Creating a sustainable dental practice

sustainable dental practice
A sustainable dental practice ticks lots of boxes.

Beaconsfield Dental has won multiple awards for their industry-leading commitment to sustainability, but principals Dr Robert Panjkov and his wife Lisa are not stopping their quest to create a fully self-sufficient, off-grid practice. By Shane Conroy

Dr Robert Panjkov is a man of seemingly endless energy. He founded Beaconsfield Dental with his wife Lisa Panjkov more than 25 years ago and built it into a highly successful practice that today employs a busy team of six dentists. He recently moved the multiple-award-winning practice into a brand new state-of-the-art building and filled it with cutting-edge technology. 

He and his team also visit local schools and kindergartens to promote good dental health. The new building has been thoughtfully designed with wheelchair access, a low front desk, wide corridors, and signs in braille. For the hearing impaired, dentists’ conversations are automatically transcribed and displayed to patients in text on TV monitors. 

You’d think this would be enough to qualify the Panjkovs and their team for dental sainthood. But they’re far from done—they also want to save the planet.

“I think we all want to leave the planet in the best possible shape for the next generation, and businesses can play a major part in that,” says Dr Panjkov. “And with benefits like a significant reduction in energy bills, creating a sustainable practice is really a win-win. It’s good for the environment, and good for the practice.”

The Panjkovs have already had 126 solar panels installed on the new building that are capable of generating up to 200 kWh in one day. The practice also features energy-efficient double glazing, full insulation, solar hot water, LED lighting and seven rainwater tanks that supply the practice’s toilets and garden. Speaking of the garden, it is entirely indigenous and boasts six onsite compost bins. The practice even had a Tesla electric car charger installed in the parking area.

Such a long list of sustainability innovations leaves little wonder why Beaconsfield Dental won the Casey Cardinia Business Award for Sustainability and the Environment in 2015, 2016 and 2017, and the Premier’s Sustainability Award in 2018. 

Creating an action plan for a sustainable dental practice

The Panjkovs commitment to building a sustainable practice also extends to every aspect of day-to-day practice management.

“Creating a sustainable practice really requires a strong commitment from our whole staff,” says Dr Panjkov. “How we deal with waste and behaviours as simple as turning off lights and equipment when they are not in use can be just as impactful as larger solutions like having solar panels installed.”

“I think we all want to leave the planet in the best possible shape for the next generation, and businesses can play a major part in that.” 

Dr Robert Panjkov, owner, Beaconsfield Dental

But Dr Panjkov is quick to point out that sustainable practices don’t happen by accident. He says practice owners need to communicate their sustainability goals to their employees and encourage all team members to buy into the mission.“Then you need to formalise the sustainability processes you expect your staff to adhere to, ensure they have access to the document, and provide training where necessary.”

As part of its formal Environmental Policy, Beaconsfield Dental has a 12-point staff directive that sets out exactly how employees can support the sustainability of the practice.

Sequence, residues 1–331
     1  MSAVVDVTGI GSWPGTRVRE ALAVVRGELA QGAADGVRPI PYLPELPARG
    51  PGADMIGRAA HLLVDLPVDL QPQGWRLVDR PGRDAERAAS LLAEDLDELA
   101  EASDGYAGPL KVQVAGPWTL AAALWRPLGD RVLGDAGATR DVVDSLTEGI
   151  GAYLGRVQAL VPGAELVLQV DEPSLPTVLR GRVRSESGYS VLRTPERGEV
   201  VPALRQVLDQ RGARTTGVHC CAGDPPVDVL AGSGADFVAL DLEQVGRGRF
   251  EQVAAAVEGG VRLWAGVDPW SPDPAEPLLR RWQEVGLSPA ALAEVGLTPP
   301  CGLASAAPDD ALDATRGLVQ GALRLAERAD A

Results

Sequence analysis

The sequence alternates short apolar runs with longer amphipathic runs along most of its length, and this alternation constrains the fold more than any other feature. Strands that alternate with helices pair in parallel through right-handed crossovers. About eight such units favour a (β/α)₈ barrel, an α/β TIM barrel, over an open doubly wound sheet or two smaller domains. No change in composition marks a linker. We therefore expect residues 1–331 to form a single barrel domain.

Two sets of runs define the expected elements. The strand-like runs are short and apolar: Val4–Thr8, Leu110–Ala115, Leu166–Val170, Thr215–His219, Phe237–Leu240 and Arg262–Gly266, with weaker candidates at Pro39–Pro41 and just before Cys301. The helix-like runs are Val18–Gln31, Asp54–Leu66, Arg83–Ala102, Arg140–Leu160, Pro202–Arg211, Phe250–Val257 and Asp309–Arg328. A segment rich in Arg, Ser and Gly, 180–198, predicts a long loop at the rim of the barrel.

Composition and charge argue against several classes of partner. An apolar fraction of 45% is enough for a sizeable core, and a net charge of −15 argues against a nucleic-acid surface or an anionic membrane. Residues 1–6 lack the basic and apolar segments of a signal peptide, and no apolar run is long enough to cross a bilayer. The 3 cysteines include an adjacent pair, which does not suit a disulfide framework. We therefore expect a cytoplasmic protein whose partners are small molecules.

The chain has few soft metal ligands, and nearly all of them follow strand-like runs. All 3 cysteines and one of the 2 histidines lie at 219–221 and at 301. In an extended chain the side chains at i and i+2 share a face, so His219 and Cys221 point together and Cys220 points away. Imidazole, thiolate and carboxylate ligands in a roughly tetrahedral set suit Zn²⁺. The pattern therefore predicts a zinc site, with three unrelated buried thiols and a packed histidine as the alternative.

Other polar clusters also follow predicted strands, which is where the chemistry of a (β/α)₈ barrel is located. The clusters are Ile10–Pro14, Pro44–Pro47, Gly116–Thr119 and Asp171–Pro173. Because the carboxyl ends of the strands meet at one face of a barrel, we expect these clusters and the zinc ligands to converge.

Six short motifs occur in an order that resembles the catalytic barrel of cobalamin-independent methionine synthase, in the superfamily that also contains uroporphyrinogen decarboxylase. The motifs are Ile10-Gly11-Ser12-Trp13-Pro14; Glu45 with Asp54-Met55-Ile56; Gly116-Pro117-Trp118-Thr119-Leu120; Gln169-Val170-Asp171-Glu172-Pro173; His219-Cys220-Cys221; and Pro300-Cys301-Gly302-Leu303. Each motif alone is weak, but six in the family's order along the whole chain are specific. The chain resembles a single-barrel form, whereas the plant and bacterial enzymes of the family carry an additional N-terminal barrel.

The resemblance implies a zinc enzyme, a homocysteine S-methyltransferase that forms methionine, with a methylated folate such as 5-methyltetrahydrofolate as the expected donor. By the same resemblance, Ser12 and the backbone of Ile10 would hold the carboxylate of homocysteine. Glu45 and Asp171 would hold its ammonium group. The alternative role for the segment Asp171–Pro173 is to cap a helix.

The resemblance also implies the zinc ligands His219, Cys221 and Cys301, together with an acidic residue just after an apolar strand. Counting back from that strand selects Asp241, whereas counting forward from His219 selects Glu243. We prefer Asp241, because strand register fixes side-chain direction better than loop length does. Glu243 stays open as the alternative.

For example, energy-hungry thermal disinfectors consume significant amounts of energy, so employees are reminded to never turn them on unless they are full of instruments and autoclaves are put on timers to ensure they run during off-peak periods. 

Staff are also instructed to source biodegradable products including patient cups, suction tips and cleaning products wherever possible, and the practice has a thorough recycling policy in place that governs the proper disposal of everything from shredded paper to printer cartridges. 

Conservation counts

A particular point of pride for the Panjkovs is the practice’s large garden. It is filled with drought-tolerant plants that are indigenous to the local area. Beaconsfield Dental has also recently added a vegetable garden to promote sustainability and healthy eating, and Dr Panjkov has recently sourced native and indigenous edible plants for the garden beds and vegetable patch.

A drip sprinkler system connected to the practice’s tanks conserves water, and employees are actively encouraged to assist with the maintenance of the garden.

“Sustainability is also about conservation and preservation, so we’ve decorated the practice with photos of some of the plants to “bring attention to the importance of indigenous flora”, says Dr Panjkov. “There are also paintings of Victoria’s Leadbeater’s possum, the Pink Heath, the Helmeted Honeyeater, weedy sea dragon and the Baw Baw frog on the water tanks. The first four are Victoria’s floral and faunal emblems and the Baw Baw frog is only found in Victoria. We believe that active promotion of these emblems is vital to their preservation.” 

They have done so much already but the Panjkovs believe that there is still more that they can do. “Our ultimate goal is to become a completely self-sufficient, off-grid practice,” says Dr Panjkov. “We have a plan to increase the number of solar panels and water tanks at the practice, and we have plenty of room to store back-up batteries.

“Sustainability is really important to everyone at the practice. I’d love other dentists to know that creating a sustainable practice is possible. It makes excellent environmental and business sense.” 


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